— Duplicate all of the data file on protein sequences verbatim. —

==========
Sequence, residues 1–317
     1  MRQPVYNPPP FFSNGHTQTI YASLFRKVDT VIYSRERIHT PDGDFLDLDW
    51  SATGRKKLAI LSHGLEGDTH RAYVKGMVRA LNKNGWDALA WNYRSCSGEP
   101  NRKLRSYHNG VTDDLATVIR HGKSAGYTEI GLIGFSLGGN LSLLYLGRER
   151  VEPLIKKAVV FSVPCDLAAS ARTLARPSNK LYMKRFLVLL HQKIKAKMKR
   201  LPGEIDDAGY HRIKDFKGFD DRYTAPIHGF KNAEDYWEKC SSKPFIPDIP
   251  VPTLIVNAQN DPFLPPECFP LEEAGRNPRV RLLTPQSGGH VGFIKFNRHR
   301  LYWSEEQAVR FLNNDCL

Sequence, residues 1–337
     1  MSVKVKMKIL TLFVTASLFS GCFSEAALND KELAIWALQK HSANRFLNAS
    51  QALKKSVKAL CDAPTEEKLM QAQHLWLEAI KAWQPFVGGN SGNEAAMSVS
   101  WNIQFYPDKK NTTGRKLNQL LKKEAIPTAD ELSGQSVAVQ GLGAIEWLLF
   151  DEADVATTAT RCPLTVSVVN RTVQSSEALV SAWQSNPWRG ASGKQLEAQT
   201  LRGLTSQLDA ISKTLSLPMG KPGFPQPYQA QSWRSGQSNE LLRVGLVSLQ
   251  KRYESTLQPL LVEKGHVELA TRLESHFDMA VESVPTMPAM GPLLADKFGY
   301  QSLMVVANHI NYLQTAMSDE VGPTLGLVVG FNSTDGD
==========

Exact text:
Sequence, residues 1–317
     1  MRQPVYNPPP FFSNGHTQTI YASLFRKVDT VIYSRERIHT PDGDFLDLDW
    51  SATGRKKLAI LSHGLEGDTH RAYVKGMVRA LNKNGWDALA WNYRSCSGEP
   101  NRKLRSYHNG VTDDLATVIR HGKSAGYTEI GLIGFSLGGN LSLLYLGRER
   151  VEPLIKKAVV FSVPCDLAAS ARTLARPSNK LYMKRFLVLL HQKIKAKMKR
   201  LPGEIDDAGY HRIKDFKGFD DRYTAPIHGF KNAEDYWEKC SSKPFIPDIP
   251  VPTLIVNAQN DPFLPPECFP LEEAGRNPRV RLLTPQSGGH VGFIKFNRHR
   301  LYWSEEQAVR FLNNDCL

Sequence, residues 1–337
     1  MSVKVKMKIL TLFVTASLFS GCFSEAALND KELAIWALQK HSANRFLNAS
    51  QALKKSVKAL CDAPTEEKLM QAQHLWLEAI KAWQPFVGGN SGNEAAMSVS
   101  WNIQFYPDKK NTTGRKLNQL LKKEAIPTAD ELSGQSVAVQ GLGAIEWLLF
   151  DEADVATTAT RCPLTVSVVN RTVQSSEALV SAWQSNPWRG ASGKQLEAQT
   201  LRGLTSQLDA ISKTLSLPMG KPGFPQPYQA QSWRSGQSNE LLRVGLVSLQ
   251  KRYESTLQPL LVEKGHVELA TRLESHFDMA VESVPTMPAM GPLLADKFGY
   301  QSLMVVANHI NYLQTAMSDE VGPTLGLVVG FNSTDGD